“Singer-electronic-er” is a clumsy riff on “singer-songwriter,” yet it’s a description that describes the folksy dubstep of Ellie Goulding. Occasionally playing an acoustic guitar and flanked by three lads, the British indie singer played an emptier-than-advertised sold out gig Saturday night at the Fox.
With more than a few adult chaperones keeping an eye on the scene, the crowd seemed to illustrate the youthful enthusiasm that Goulding belted from stage. Fans’ preshow chatter said that Goulding had been suffering from laryngitis during the last few shows, so I questioned her choice of opening song, “Under the Sheets.” Despite its energizing qualities, it put some strain on her vocal chords right out of the gate and sounded more whispered than the falsetto-stretching qualities of the record.
As the show progressed, Goulding found a better balance between her own singing (likely thanks in part to the Hot Toddy she sipped between songs) and the pre-recorded atmospheric vocals that played behind her. Goulding has a distinct “northern” charm, similar to La Roux or Robyn; the songs are anthemic and yet they feel more genuine than the stuff of American pop singers. Goulding’s natural sex appeal played a secondary role during the performance, but the occasional thrust and grind during “Every Time You Go” and “Your Biggest Mistake” kept the young crowd’s hormones in action.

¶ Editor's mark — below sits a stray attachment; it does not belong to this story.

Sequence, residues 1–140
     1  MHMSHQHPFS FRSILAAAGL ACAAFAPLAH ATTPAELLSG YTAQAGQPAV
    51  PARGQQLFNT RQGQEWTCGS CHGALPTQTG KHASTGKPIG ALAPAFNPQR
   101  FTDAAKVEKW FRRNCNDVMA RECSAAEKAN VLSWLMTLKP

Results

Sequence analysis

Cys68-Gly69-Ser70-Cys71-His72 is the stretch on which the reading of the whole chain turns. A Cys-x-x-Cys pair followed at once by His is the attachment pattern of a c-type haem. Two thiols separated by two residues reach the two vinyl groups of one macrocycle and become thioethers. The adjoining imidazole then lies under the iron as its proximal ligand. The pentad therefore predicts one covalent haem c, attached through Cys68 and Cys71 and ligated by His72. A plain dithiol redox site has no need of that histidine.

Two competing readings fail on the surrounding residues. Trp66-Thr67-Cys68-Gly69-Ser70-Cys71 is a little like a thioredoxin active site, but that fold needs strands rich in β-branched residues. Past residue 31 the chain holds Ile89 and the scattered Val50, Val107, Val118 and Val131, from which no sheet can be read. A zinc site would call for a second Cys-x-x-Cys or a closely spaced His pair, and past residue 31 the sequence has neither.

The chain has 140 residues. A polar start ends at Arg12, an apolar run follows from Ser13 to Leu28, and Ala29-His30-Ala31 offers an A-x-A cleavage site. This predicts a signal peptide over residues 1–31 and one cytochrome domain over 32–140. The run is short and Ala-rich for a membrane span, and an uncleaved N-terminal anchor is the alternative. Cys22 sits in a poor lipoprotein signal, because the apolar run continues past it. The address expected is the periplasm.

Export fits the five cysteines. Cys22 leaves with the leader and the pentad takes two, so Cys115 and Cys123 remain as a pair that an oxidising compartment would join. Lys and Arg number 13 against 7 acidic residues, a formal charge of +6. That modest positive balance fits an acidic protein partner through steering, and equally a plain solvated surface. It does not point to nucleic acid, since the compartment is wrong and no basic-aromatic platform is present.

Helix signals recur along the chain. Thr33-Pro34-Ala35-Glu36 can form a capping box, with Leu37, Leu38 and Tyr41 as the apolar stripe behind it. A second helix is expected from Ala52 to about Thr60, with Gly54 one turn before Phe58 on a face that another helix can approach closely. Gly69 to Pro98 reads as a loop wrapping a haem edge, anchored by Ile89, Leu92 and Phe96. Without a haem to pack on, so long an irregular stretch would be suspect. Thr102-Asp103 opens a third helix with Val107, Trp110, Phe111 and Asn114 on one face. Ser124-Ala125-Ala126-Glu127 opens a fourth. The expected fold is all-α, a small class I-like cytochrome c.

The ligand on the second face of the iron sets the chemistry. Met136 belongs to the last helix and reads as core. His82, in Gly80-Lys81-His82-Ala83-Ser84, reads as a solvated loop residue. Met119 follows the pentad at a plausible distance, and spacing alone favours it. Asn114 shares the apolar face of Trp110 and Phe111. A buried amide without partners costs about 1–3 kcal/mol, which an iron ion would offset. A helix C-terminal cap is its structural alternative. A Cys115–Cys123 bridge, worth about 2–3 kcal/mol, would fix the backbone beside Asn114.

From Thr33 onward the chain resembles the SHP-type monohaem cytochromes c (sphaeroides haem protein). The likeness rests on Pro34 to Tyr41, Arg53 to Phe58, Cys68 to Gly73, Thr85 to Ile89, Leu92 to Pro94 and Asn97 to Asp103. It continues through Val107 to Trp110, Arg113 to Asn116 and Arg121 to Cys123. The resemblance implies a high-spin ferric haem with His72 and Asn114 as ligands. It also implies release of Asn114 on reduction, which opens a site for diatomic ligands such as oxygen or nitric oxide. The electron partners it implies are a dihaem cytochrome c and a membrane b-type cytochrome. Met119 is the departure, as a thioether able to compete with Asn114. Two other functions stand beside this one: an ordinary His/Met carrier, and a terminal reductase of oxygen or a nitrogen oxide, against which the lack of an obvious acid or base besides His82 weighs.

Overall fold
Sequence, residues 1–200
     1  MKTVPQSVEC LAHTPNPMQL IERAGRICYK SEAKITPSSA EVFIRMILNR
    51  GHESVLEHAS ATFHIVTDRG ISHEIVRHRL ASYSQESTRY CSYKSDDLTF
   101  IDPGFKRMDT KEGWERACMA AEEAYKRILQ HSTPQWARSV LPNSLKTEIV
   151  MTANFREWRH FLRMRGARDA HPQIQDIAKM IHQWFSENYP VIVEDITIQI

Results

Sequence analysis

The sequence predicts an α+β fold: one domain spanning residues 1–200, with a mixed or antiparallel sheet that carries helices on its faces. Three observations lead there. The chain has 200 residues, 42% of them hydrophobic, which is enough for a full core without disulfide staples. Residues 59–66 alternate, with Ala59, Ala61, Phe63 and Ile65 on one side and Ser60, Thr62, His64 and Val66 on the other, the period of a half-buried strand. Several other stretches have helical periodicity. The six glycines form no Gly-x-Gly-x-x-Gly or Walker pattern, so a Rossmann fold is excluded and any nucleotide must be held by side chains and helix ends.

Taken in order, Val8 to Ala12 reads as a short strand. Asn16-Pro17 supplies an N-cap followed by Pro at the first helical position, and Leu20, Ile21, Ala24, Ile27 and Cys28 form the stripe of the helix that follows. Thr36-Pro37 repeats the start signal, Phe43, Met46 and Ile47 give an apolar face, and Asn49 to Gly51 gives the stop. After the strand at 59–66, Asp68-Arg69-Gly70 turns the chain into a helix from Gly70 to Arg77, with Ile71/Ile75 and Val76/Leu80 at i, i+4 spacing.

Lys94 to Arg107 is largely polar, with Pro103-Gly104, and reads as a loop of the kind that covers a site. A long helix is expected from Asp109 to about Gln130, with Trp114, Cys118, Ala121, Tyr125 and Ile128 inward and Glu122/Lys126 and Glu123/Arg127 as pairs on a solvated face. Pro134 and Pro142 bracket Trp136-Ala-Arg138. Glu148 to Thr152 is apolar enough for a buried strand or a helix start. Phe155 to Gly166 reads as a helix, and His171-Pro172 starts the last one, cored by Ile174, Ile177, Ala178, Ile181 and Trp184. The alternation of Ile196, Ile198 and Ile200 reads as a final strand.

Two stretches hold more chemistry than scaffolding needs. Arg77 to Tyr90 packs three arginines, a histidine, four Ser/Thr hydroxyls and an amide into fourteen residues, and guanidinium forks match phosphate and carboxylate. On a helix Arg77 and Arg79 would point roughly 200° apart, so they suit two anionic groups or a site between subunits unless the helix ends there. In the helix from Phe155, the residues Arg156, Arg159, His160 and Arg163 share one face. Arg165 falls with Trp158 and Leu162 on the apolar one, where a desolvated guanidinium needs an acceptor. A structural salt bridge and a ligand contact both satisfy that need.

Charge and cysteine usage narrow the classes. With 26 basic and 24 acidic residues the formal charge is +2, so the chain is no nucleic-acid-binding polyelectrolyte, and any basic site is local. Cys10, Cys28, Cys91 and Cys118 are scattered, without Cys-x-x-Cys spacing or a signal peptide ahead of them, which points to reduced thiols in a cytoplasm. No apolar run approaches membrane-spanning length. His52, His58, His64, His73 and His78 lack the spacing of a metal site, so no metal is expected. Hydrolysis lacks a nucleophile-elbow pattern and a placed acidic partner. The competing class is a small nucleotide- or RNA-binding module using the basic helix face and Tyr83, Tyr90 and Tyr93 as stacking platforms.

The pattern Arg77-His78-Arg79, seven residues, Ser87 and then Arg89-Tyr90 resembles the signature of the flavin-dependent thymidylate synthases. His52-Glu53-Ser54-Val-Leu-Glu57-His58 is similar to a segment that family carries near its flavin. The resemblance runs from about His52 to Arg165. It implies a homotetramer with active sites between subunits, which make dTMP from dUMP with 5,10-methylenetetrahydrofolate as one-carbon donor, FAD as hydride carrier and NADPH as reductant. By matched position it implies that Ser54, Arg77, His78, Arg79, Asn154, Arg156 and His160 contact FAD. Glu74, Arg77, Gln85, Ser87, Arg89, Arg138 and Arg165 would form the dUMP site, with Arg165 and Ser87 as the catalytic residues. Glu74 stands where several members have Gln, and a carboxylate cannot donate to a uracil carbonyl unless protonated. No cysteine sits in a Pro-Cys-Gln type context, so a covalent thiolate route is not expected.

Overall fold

Playing nearly every song from her 2010 debut “Lights,” the set went away from autopilot mode with the Elton John cover “Your Song” and a fantastic Kanye West “Power” interlude on “Salt Skin,” borrowing the drum and bass line and the marching line chorus. A nice departure from the pop-electronica was a steel pan sample that echoed behind Goulding’s second-to-last song, “Lights.”
As she became looser on stage and her vocal range improved, I couldn’t help but liken Goulding to Shakira…if Shakira were covered in a dank, British moss and had, frankly, better songs. Goulding’s seduction is masked by her lack of exoticness, yet the songs, stage presence and sexual undertones all contributed to a punchy and hot set; and it wasn’t just a residual burn from Saturday’s 80-degree temps.
Remix kings the Knocks opened for Goulding and had the crowd amped for the looming sweaty summer.
Craig Randall is a Boulder-based writer and PR pro with an identity crisis. He credits both “Let Me Love You Down” and “Heaven Knows I’m Miserable Now” as life-changing tracks. Check out his website.